Saw-sedges (Gahnia spp.), which belong in the sedge family (Cyperaceae), are so named because they have tiny serrations on the edges of the leaves (as well as on the lower surface for many species). These act like teeth of a saw and can cut into skin very easily. There are approximately 40 species of Saw-sedges, distributed from Asia through the Australasian region and into the Pacific. Of these 22 are found in Australia, 20 are endemic (only found here). They are found across a number of habitats, often in damper areas.
In NSW, Red-fruited Saw-sedge is predominantly found along the coastal plain but can also occur in the tablelands. Outside of NSW, it also grows in Qld, Victoria and South Australia. It is one of the more common Saw-sedges in Sydney and is particularly common in damps sandy areas such as swamps, although it can be found in drier sites on hillsides.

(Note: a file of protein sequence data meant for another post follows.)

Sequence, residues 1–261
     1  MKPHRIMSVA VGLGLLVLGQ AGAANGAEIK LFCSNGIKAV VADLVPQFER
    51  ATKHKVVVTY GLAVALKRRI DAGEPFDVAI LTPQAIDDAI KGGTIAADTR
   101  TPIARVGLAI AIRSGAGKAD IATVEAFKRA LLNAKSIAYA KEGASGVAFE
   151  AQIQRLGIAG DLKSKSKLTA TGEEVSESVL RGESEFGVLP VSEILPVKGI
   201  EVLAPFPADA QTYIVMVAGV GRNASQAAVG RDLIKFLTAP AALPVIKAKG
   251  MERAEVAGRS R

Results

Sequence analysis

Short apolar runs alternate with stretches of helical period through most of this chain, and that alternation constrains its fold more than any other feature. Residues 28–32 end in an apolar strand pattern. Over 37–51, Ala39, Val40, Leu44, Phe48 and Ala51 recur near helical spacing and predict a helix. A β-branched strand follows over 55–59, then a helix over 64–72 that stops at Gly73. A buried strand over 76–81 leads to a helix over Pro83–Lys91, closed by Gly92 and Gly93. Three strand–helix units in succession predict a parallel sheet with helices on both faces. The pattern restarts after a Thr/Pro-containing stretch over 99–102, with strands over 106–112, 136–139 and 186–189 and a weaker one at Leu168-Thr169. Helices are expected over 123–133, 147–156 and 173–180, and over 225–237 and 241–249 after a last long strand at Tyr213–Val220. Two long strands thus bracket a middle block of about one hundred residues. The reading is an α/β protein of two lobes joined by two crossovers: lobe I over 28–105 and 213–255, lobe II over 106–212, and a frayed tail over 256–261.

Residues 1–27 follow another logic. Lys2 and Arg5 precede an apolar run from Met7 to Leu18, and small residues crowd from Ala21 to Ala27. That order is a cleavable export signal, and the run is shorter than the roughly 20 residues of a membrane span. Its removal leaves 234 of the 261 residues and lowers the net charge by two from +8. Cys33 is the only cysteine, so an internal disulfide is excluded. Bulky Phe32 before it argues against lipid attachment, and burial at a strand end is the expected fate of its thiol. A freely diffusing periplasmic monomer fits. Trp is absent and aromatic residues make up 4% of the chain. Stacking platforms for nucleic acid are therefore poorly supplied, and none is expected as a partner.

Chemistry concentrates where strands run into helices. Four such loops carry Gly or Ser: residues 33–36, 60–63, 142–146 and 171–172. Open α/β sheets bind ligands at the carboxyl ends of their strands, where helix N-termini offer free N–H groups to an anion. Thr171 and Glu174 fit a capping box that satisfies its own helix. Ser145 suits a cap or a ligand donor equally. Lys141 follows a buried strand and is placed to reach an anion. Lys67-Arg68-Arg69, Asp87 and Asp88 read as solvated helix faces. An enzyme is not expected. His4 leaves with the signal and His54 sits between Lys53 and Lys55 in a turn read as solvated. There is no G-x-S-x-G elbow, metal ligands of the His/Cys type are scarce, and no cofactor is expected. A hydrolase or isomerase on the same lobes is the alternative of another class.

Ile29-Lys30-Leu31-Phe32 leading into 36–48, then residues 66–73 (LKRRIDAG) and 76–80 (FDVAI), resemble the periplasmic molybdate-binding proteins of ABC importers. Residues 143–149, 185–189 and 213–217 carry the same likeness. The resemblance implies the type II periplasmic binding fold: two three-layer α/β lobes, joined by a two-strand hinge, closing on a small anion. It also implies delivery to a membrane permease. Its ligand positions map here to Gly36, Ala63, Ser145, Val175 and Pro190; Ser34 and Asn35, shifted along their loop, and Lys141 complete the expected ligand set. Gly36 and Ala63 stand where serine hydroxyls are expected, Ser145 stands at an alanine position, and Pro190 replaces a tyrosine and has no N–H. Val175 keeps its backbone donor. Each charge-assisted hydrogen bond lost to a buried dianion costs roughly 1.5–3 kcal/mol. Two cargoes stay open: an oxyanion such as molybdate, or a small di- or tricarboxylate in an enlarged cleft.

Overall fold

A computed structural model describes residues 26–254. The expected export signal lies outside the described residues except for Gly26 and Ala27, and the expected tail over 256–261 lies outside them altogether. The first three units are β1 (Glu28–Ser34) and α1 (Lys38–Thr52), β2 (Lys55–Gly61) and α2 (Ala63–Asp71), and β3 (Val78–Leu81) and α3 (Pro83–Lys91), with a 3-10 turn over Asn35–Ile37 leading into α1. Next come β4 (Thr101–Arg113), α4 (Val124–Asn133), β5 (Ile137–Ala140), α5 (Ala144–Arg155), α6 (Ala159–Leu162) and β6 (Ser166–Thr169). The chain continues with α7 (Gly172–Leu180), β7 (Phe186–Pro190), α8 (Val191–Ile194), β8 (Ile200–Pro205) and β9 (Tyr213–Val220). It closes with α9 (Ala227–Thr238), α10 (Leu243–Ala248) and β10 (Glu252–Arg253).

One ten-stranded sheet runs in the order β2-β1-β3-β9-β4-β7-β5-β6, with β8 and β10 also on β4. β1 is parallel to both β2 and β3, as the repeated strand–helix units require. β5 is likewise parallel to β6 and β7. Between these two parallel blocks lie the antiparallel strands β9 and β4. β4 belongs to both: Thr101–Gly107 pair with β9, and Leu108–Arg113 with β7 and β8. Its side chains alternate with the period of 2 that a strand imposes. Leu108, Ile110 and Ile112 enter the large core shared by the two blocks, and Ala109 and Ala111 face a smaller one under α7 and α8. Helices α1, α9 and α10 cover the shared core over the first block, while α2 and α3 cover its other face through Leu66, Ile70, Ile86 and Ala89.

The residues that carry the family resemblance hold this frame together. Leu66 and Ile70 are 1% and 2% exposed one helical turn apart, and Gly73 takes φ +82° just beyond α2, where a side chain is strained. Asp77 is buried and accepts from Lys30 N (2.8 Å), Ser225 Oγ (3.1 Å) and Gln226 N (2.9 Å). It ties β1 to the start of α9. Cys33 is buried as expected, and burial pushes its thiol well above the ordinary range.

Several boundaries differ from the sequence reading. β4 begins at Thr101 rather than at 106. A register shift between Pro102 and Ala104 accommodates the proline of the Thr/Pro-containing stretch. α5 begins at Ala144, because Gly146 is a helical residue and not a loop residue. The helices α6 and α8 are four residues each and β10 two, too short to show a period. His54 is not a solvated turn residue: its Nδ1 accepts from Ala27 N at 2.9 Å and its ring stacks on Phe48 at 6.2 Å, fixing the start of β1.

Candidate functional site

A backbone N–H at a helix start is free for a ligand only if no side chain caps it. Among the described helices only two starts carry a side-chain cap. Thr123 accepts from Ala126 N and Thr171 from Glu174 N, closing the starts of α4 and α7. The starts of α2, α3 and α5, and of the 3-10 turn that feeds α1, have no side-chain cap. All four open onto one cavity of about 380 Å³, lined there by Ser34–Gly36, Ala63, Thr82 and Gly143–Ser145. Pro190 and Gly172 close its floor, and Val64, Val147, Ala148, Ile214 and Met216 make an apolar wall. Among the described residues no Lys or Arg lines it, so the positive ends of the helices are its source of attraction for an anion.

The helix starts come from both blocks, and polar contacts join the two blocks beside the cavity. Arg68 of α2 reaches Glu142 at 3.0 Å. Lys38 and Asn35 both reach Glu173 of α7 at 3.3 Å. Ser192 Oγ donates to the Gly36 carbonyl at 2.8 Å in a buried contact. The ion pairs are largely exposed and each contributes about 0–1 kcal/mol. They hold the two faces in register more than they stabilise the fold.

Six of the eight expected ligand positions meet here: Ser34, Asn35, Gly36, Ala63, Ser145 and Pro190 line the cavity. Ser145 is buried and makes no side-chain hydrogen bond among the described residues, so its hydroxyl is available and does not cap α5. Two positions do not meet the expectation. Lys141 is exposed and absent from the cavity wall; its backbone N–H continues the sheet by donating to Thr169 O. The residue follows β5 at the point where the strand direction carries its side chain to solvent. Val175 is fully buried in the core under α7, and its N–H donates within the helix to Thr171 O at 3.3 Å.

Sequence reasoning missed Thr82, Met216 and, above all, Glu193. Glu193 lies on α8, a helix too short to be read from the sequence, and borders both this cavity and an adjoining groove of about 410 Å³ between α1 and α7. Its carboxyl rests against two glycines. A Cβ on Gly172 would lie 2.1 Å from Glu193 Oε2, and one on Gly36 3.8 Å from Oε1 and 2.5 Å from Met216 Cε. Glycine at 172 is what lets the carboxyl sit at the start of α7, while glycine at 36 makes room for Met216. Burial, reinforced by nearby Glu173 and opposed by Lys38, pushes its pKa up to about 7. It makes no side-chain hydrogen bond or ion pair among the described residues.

Red-fruited Saw-sedge is a large grass-like plant growing as a tussock, up to 3m high. The leaves can be up to 2m long, and these arise off a stem (or culm) which can also be 1-2m long. The flowers of Saw-sedges, like many sedges, are small and greatly reduced: they lack petals or sepals, but are enclosed in a number of small bracts called glumes. Red-fruit Saw-sedge has many flowers arranged in a very large multi-branched spray called a panicle which rises above the leaves. It flowers mostly from spring to summer, but is nevertheless conspicuous at this time of year because the fruiting or spent inflorescences are still very visible, as they are for months after flowering. When ripe, the small red seeds are quite visible.
Where can the Red-fruit Saw-sedge be seen in the Parklands?
In the Parklands, Red-fruited Saw-sedge is most notable in the Lachlan Swamp paperbark forest, where it is the dominant plant in the understorey.